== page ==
"Godzilla" Dust Cloud From The Sahara Desert Blankets Parts Of The United States


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Dust from the Sahara Desert, blown across the Atlantic Ocean, creates hazy skies in Puerto Rico (Credit: NSW Cleveland/Twitter)

A massive dust cloud that had been journeying 5,000 miles from the Sahara Desert across the Atlantic Ocean since June 15, 2020, finally hit the United States mainland on June 26, 2020. Nicknamed "Godzilla," the 3,500 mile-long plume broke into two chunks, thanks to the split in the mid-levels of the atmosphere.

One part drifted northwards towards the Plains States and the Midwest before moving up to the Canadian border on Monday, June 29, 2020. While cities like Minneapolis and Chicago witnessed hazier than usual skies over the past weekend, the dust had diffused and thinned out substantially by the time it reached the areas. However, the second batch of dust, which lingered over Texas, the Carolinas, and Florida for a couple of days, was thick enough to pose health risks to residents, causing authorities to recommend they stay indoors, if possible. Fortunately, the dust has since moved towards the tropical Eastern Pacific Ocean, where it will eventually dump its swirling mass of particles.

The "Saharan Air Layer" is not an entirely unknown phenomenon. Each year, windstorms pick up182 million tons of sand — enough to fill 689,290 semi-trucks — from the Sahara Desert. The sand cloud's ultimate destination depends on the time of the year. In the winter and spring, the winds usually direct the dust plumes to land directly in the Amazon rainforest in South America. In the summer, it sends them towards North America.

This "true-color" composite animation of visible satellite imagery shows the movement of the Saharan Dust plume from June 15 to 25, 2020. It was captured by the VIIRS instrument aboard NASA/NOAA’s Suomi NPP satellite. The bright streaks seen at regular intervals are due to sun glinting off the ocean surface (Credit: NASA/NOAA, Colin Seftor)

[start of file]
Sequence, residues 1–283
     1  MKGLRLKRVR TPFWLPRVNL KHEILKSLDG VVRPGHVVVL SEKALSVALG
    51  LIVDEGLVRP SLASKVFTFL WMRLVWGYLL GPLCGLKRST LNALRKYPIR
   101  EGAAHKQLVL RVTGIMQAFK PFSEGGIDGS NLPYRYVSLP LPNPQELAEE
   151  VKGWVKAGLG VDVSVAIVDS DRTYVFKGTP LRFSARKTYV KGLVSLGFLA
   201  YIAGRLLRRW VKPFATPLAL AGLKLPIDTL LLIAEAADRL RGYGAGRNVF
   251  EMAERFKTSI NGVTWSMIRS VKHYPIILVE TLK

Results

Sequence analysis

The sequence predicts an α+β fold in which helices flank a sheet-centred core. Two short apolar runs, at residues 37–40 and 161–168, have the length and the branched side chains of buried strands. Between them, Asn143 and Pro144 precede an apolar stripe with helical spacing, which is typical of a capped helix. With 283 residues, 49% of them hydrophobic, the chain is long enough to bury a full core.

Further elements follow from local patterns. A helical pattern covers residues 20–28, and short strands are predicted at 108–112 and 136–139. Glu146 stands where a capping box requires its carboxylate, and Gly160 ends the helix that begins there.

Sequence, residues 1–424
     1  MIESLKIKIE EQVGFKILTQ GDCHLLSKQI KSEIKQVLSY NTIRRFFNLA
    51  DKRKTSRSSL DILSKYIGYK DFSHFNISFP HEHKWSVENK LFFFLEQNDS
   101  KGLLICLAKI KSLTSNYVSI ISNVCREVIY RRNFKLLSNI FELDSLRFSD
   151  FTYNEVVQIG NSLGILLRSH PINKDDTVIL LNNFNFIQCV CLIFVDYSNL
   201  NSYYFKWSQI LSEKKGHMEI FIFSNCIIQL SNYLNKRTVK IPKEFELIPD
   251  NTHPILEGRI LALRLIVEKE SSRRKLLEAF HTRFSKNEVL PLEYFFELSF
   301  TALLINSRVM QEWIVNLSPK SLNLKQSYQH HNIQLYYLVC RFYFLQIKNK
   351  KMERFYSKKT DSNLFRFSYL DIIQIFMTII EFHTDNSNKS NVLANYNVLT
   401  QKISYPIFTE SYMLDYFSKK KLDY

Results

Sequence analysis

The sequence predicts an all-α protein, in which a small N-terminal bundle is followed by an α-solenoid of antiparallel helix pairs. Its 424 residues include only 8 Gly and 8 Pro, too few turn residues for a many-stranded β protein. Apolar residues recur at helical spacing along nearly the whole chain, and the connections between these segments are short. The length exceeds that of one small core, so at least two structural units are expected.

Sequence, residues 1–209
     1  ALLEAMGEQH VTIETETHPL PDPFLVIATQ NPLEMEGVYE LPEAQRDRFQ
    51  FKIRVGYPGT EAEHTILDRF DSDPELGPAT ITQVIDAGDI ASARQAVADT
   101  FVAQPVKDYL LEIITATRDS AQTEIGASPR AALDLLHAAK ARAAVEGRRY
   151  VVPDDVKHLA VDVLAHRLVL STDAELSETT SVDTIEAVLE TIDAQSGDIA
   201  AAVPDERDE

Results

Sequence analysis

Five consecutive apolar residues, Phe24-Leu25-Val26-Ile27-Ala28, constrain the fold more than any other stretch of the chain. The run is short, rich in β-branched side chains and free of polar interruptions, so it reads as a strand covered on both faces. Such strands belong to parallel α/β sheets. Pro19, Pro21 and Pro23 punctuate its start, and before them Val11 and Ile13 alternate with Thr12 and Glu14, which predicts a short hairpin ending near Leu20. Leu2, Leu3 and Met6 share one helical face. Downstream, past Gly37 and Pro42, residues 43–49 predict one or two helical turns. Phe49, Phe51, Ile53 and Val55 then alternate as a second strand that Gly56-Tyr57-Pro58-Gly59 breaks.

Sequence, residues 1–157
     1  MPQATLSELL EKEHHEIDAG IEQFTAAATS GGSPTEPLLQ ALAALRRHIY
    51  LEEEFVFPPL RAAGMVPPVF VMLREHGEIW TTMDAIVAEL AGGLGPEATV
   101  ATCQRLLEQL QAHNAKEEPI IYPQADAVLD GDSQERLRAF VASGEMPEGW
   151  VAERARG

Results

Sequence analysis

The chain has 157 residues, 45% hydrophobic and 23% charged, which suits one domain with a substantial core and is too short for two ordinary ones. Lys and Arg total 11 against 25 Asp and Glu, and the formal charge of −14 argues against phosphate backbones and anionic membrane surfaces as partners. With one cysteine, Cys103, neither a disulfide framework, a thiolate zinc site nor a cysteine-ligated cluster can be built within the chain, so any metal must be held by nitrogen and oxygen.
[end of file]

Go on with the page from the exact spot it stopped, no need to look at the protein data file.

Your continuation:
However, the dust layer, which begins about one mile into the atmosphere and extends upward for about two miles, typically disperses by the time it reaches the US coast, leaving little visible impact. But this year the cloud was unusually large both in volume and density. "In terms of concentration and density and size, it is the most dust we've seen in 50 or 60 years," Pablo Méndez Lázaro, an environmental health researcher at the University of Puerto Rico, told The Atlantic.

Though the massive amounts of sand can result in respiratory issues, especially among those that suffer from allergies, it does have some benefits. For one, it results in spectacular sunrises and sunsets. "Typically, you lose the blue sky for more hazy, milky sky," Dr. J Marshall Shepherd, director of the Atmospheric Sciences Program at the University of Georgia, told NPR. "You tend to see more vivid sunsets and sunrises because of the scattering properties of the dust interacting with the sunlight." The dry, dusty storms also help prevent massive hurricanes from forming over the Atlantic Ocean, by soaking up the moist, storm-friendly air.

And that is not all. The large amounts of minerals and nutrients in the sand help fuel the local ecosystems in which it lands. The Saharan dust storms are believed to be an essential source of phosphorus for plants in the Amazon rainforest, particularly those growing high up in the Amazon canopy. Some researchers believe the dust storms are also responsible for the beautiful coral reef that encrusts the Bahamas. They assert that the waters around the islands lack the nutrients to create such an oasis.

What is unclear, however, is the effect the current dust plume will have on Pacific Ocean ecosystems, given that they are typically untouched by the yearly sand migration. A 2001 study by the University of South Florida suggests that the deluge of nutrients, particularly iron, could result in a proliferation of algal blooms that cover the water's surface and deplete large areas of oxygen, causing harm to marine animals. Hopefully, that will not be the case!

Resources: TheAtlantic.com,NPR.org, ScientificAmerican.com,CBSnews.com


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